To make the face, hot glue the wiggle eyes to the oatmeal container (or draw eyes with markers). Hot glue a pink jumbo pom-pom on for the nose, and use 2 self-adhesive foam circles for nostrils. In the above photo, however, you’ll notice the pig has a pink cotton ball nose. So why do I suggest a jumbo pom-pom? THIS is why…

uh oh noseAs time passes, the cotton ball sloooowly unfurls, leaving your pig with a droopy nose. Definitely use a pom-pom.

And now for the game, which requires a set of 3 houses, a Big Bad Wolf, and sailboat. Marissa and I snagged three big boxes from the recycle bin, charged up our hot glue guns, and started building. In addition to the decor in the front, there is a small door cut into the back of each box. This is so later, during the game, I could sneak the sailboat ride tickets into the houses undetected.

house of strawhouse of stickshouse of bricksI drew a Big Bad Wolf on a piece of poster board, and taped him to a piece of PVC pipe. I tried to make him look not too scary. Not sure if I succeeded.

wolfFinally, the sailboat. It doesn’t have to be elaborate. Seriously. A shoe box pulled on a string will work great. I just happen to have this awesome sailboat my Dad made for me.

sailboatOriginally, it was used at a Treasure Island event. One of the student groups at the event (Students United for a Responsible Global Environment, to be precise) wanted to demonstrate wind power. So I asked my Dad (hi Dad!) if he could build a sailboat that would roll down a table, propelled by a fan. It worked great!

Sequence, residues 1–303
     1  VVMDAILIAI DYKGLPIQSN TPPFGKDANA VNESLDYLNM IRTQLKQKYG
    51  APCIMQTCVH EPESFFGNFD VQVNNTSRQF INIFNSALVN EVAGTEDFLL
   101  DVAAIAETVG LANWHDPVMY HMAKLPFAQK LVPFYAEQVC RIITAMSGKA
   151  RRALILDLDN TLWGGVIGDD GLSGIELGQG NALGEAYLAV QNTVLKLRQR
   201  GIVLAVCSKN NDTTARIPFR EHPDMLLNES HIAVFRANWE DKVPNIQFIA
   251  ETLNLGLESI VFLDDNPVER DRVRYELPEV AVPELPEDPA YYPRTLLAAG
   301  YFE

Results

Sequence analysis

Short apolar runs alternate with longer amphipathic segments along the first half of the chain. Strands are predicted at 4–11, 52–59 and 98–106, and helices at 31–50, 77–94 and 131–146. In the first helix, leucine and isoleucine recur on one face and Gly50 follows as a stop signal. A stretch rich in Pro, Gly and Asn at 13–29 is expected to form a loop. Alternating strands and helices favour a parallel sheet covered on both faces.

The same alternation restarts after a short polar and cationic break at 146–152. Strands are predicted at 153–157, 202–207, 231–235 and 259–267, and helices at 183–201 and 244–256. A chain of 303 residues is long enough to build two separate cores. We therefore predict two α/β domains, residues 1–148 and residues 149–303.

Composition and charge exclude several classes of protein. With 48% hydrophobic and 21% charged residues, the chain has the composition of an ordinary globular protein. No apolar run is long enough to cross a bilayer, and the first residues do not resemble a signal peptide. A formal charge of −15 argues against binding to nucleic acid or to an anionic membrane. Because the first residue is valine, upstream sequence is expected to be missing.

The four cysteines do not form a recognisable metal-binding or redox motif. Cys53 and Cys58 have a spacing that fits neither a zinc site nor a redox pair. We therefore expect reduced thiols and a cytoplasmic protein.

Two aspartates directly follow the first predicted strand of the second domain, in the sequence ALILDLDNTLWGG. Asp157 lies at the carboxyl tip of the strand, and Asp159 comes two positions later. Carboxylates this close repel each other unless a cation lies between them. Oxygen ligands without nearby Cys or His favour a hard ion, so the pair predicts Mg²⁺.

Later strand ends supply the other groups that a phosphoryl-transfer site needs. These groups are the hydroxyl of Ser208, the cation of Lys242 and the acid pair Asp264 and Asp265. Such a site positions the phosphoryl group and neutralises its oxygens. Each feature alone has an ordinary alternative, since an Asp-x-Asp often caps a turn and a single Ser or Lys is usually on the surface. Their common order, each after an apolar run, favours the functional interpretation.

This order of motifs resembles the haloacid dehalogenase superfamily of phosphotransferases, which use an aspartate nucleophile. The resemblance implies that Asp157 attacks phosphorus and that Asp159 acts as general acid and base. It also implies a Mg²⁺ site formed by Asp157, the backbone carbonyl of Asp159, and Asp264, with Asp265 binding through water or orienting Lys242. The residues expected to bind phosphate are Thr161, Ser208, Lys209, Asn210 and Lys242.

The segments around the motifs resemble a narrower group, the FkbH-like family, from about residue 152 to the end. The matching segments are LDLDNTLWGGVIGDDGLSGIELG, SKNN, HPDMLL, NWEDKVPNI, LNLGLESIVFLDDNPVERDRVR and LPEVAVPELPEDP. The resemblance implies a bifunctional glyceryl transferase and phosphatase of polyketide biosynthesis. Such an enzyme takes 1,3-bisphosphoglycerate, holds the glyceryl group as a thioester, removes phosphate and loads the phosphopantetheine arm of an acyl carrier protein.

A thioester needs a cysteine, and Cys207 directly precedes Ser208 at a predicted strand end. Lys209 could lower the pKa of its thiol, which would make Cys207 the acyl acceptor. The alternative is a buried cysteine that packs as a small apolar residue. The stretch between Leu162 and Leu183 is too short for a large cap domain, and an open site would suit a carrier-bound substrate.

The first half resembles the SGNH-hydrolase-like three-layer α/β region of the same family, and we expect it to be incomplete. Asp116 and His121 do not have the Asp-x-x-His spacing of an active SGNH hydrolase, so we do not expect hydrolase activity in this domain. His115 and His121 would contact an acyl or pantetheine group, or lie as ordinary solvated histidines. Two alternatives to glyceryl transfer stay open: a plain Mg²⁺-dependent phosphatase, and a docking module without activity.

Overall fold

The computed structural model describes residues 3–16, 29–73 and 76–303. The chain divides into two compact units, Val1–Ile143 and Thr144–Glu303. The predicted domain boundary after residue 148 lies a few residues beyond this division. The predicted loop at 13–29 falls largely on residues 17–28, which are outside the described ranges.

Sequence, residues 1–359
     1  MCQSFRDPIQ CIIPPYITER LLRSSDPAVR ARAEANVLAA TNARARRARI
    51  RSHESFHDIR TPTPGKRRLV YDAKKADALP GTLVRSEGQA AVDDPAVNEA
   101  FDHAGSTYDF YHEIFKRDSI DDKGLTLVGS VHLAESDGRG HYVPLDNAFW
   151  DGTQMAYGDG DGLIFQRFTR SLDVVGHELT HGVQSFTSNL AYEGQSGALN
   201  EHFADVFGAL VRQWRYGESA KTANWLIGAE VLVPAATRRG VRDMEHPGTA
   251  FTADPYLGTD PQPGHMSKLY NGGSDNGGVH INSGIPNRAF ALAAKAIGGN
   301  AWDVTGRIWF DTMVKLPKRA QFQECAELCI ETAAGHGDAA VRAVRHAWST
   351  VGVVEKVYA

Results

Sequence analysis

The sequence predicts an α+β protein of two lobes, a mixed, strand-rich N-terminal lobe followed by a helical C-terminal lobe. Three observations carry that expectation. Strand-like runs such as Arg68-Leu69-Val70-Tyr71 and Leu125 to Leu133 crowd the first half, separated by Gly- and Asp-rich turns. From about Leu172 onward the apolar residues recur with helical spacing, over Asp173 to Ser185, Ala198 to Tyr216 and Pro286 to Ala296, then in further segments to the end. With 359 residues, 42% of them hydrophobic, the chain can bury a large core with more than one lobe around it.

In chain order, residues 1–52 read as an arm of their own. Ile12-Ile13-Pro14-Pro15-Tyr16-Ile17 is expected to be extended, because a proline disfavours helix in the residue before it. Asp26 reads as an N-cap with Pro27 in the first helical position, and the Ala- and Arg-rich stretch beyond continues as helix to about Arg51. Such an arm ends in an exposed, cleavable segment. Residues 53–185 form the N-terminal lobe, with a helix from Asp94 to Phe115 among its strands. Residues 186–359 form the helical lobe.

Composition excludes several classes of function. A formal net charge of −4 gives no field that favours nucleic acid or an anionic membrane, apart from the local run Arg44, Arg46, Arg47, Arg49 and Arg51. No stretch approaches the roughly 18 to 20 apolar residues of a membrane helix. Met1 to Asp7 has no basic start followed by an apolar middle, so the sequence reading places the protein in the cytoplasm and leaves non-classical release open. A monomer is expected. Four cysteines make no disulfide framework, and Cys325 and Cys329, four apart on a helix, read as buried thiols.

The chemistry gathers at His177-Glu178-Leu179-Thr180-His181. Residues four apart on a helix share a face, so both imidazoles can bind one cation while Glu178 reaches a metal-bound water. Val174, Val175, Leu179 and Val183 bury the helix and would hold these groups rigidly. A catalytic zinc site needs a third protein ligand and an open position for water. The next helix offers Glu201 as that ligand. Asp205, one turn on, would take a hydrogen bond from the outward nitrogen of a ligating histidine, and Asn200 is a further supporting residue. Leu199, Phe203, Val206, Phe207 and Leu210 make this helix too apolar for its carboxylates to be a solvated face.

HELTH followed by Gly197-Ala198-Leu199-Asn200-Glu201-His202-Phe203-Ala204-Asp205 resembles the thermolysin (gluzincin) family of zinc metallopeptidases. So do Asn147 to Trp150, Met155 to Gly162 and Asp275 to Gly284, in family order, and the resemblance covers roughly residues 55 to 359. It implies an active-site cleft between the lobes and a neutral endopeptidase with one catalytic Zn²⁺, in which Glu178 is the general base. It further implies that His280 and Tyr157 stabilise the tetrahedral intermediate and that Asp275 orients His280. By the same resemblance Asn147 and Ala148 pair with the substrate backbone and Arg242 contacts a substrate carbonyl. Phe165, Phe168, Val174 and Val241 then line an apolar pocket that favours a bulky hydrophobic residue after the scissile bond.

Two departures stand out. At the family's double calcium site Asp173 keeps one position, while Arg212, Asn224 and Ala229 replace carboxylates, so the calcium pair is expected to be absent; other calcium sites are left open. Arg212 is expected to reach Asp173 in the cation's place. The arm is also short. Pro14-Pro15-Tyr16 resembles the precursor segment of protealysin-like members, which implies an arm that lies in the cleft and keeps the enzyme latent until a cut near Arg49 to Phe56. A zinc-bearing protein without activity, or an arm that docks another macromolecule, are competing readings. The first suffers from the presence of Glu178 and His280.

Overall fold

sailboat at treasure islandOn windy days, we bring the sailboat out of the attic and take it outside. In a brisk breeze, you really have to run to keep up with it!

chasing the shipBut back to pigs. Here’s how we played the Ziggy Piggy game. I lined up the three houses and asked the kids to sit down in front of them. Then one kid covered his/her eyes while I hid a sailboat ride ticket inside one of the houses. When I shouted “Go!” and the kid had 10 seconds to find the ticket before the Big Bad Wolf rose from behind the houses. Sometimes I had to slow the count, but in the end, everyone won.

ticket and the wolfMarissa and I then ushered the kids and their pigs out to the library’s main lobby, where we sat in two groups. Marissa was “Dock 1.” This is where all the pigs gathered. Some distance away, I was “Dock 2,” where all the kids gathered. Between the two docks was the sailboat, rigged up on a loooong string. One by one, Marissa would call out a kid’s name and place his/her pig on the sailboat. The kid would come and stand next to me. Once I confirmed that their pig had a ticket, I would reel in the string, causing the sailboat to whizz over to the kid!

sailing pigWhen story time was over, we drew names to see who was going to take the 3 houses home. The winners are the little girls posing at the start of this post. They were super thrilled!